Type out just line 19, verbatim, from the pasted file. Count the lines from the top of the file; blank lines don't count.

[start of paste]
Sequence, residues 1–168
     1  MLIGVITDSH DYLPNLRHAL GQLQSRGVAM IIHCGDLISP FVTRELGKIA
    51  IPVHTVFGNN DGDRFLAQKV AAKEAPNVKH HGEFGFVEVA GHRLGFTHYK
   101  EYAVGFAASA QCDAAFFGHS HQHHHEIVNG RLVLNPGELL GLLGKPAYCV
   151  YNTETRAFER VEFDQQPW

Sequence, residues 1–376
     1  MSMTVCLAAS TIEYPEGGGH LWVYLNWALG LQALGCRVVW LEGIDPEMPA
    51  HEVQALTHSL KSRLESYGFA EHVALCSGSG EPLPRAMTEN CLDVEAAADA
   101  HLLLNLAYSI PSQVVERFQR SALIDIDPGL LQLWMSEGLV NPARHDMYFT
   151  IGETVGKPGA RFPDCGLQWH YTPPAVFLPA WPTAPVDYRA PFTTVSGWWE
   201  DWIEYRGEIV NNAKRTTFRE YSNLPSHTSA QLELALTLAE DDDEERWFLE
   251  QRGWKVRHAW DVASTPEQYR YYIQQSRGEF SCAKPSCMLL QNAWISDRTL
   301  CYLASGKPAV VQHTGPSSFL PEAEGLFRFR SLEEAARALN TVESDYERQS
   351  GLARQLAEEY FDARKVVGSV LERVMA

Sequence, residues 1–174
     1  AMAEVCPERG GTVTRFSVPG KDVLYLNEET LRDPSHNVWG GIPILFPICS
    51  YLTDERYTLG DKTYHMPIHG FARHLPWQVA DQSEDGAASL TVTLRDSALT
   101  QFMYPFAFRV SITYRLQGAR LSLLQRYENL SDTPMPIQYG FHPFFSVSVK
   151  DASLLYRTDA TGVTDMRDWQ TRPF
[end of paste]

   151  DASLLYRTDA TGVTDMRDWQ TRPF